In addition, building on the seminal work of A. Liberman, Cooper, Shankweiler, and Studdert-Kennedy (1967) and I. Liberman, Shankweiler, Fischer, and Carter (1974), research has amply demonstrated that learning to read an alphabetic script depends critically on the relatively difficult insight that every word can be conceived as a sequence of phonemes (see PHONOLOGY). Indeed, poorly developed phonemic awareness has asserted itself as the core and causal factor underlying most cases of severe reading disability (Lyon 1995). Conversely, for normal as well as at-risk populations, activities designed to develop children's awareness of the phonemic structure of words have been shown to ease and accelerate both reading and writing growth (see Adams, Treiman, and Pressley 1997; Torgesen 1997). The relationship between phonemic awareness and learning to read is bidirectional such that some basic appreciation of the phonological structure of words appears necessary for grasping the alphabetic principle, while instruction and practice in decoding and spelling serves reciprocally to advance the child's phonemic sensitivity. In terms of cognition and metacognition, the important lesson of this work is that, no less than for higher-order dimensions of literacy growth, productive learning about decoding and spelling necessarily builds on prior knowledge and active understanding.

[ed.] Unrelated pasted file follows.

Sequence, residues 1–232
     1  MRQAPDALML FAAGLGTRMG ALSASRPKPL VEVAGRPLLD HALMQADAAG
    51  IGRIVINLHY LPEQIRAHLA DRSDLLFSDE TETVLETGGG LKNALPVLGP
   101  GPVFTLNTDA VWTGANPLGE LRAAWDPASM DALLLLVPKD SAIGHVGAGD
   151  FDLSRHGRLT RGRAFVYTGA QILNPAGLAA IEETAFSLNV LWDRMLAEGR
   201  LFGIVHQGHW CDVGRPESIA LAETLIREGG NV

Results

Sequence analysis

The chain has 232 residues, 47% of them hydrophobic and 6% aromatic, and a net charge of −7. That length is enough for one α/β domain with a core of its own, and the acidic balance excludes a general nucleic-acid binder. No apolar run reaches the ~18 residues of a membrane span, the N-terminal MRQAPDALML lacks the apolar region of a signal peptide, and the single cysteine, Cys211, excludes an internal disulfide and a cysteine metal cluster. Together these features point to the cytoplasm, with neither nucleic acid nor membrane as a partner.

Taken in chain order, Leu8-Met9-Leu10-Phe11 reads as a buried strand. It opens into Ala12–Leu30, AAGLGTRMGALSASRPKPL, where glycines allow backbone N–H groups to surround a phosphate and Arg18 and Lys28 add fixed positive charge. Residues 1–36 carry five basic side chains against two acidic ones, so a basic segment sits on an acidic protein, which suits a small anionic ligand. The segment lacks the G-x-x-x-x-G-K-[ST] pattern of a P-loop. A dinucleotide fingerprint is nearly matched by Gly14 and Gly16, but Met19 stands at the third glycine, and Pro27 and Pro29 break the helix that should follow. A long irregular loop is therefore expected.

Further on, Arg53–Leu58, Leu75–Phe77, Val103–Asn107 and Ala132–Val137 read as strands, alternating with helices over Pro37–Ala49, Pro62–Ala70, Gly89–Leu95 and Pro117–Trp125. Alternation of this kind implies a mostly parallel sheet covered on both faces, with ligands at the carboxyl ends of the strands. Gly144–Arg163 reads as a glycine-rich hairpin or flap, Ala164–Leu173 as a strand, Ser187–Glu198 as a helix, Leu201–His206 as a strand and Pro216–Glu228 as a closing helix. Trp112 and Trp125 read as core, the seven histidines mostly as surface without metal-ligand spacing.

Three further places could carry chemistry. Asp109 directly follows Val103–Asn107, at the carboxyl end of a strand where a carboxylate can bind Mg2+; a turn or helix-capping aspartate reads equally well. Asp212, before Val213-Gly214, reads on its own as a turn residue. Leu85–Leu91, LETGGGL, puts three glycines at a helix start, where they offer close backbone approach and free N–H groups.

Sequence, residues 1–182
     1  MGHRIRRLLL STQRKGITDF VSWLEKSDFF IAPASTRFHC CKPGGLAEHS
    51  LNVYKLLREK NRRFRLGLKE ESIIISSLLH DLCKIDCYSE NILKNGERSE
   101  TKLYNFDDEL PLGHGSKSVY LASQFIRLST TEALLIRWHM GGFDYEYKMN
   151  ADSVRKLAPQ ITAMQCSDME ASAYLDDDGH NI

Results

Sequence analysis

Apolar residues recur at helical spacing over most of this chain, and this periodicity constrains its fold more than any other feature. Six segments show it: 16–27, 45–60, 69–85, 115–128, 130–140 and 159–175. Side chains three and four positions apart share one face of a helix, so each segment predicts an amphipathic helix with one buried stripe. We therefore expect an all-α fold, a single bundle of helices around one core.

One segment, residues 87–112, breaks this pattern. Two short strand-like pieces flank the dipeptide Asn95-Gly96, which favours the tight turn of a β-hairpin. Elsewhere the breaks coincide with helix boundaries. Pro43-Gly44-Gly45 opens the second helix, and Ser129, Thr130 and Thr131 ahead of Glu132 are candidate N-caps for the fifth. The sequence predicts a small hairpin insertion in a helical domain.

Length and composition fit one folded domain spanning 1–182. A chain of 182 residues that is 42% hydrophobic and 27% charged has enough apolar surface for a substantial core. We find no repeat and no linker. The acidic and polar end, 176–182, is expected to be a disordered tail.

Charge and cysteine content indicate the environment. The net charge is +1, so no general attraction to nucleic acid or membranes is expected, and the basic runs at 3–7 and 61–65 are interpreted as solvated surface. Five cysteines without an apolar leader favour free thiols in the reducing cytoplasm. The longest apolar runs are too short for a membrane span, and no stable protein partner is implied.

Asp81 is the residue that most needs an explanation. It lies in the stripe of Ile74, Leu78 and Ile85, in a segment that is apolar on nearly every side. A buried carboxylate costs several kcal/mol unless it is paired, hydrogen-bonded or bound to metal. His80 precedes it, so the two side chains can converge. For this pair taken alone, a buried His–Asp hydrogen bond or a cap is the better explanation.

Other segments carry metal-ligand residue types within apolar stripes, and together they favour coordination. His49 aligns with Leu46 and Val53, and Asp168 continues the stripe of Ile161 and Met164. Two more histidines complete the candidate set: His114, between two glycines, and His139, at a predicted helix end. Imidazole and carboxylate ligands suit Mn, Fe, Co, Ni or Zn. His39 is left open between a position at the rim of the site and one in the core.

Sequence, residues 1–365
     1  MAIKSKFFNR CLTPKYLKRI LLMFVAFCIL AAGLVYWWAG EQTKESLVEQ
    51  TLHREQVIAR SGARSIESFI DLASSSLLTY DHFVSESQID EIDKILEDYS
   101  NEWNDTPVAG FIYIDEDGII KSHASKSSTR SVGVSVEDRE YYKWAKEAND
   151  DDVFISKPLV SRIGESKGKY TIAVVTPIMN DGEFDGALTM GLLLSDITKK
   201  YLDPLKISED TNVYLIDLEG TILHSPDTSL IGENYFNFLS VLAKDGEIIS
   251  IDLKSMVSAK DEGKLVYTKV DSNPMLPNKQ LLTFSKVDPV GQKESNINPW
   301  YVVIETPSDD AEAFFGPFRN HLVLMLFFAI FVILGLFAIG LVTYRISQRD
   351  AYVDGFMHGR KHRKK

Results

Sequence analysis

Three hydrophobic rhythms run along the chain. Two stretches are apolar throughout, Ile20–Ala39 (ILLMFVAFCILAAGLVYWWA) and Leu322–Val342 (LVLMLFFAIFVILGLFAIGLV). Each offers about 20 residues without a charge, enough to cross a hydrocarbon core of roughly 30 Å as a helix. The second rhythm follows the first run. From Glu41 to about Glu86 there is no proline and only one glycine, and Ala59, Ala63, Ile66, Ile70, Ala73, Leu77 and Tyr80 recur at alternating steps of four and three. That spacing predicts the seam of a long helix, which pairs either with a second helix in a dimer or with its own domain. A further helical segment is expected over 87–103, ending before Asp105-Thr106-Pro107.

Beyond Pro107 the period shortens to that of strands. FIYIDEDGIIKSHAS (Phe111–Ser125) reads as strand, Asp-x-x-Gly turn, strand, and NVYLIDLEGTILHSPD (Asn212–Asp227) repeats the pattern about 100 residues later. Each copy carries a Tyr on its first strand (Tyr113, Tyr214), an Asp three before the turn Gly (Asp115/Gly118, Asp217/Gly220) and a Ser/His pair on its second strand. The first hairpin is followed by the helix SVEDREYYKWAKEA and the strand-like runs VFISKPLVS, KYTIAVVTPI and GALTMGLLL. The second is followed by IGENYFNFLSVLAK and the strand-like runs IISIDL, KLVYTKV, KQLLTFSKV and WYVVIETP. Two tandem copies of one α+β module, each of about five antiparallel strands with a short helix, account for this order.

See also

-- Marilyn Adams


Adams, M. J. (1990). Beginning to Read: Thinking and Learning about Print. Cambridge, MA: MIT Press.

Adams, M. J., R. Treiman, and M. Pressley. (1997). Reading, writing and literacy. In I. Sigel and A. Renninger, Eds., Handbook of Child Psychology, 5th ed., vol. 4, Child Psychology in Practice. New York: Wiley, pp. 275-357.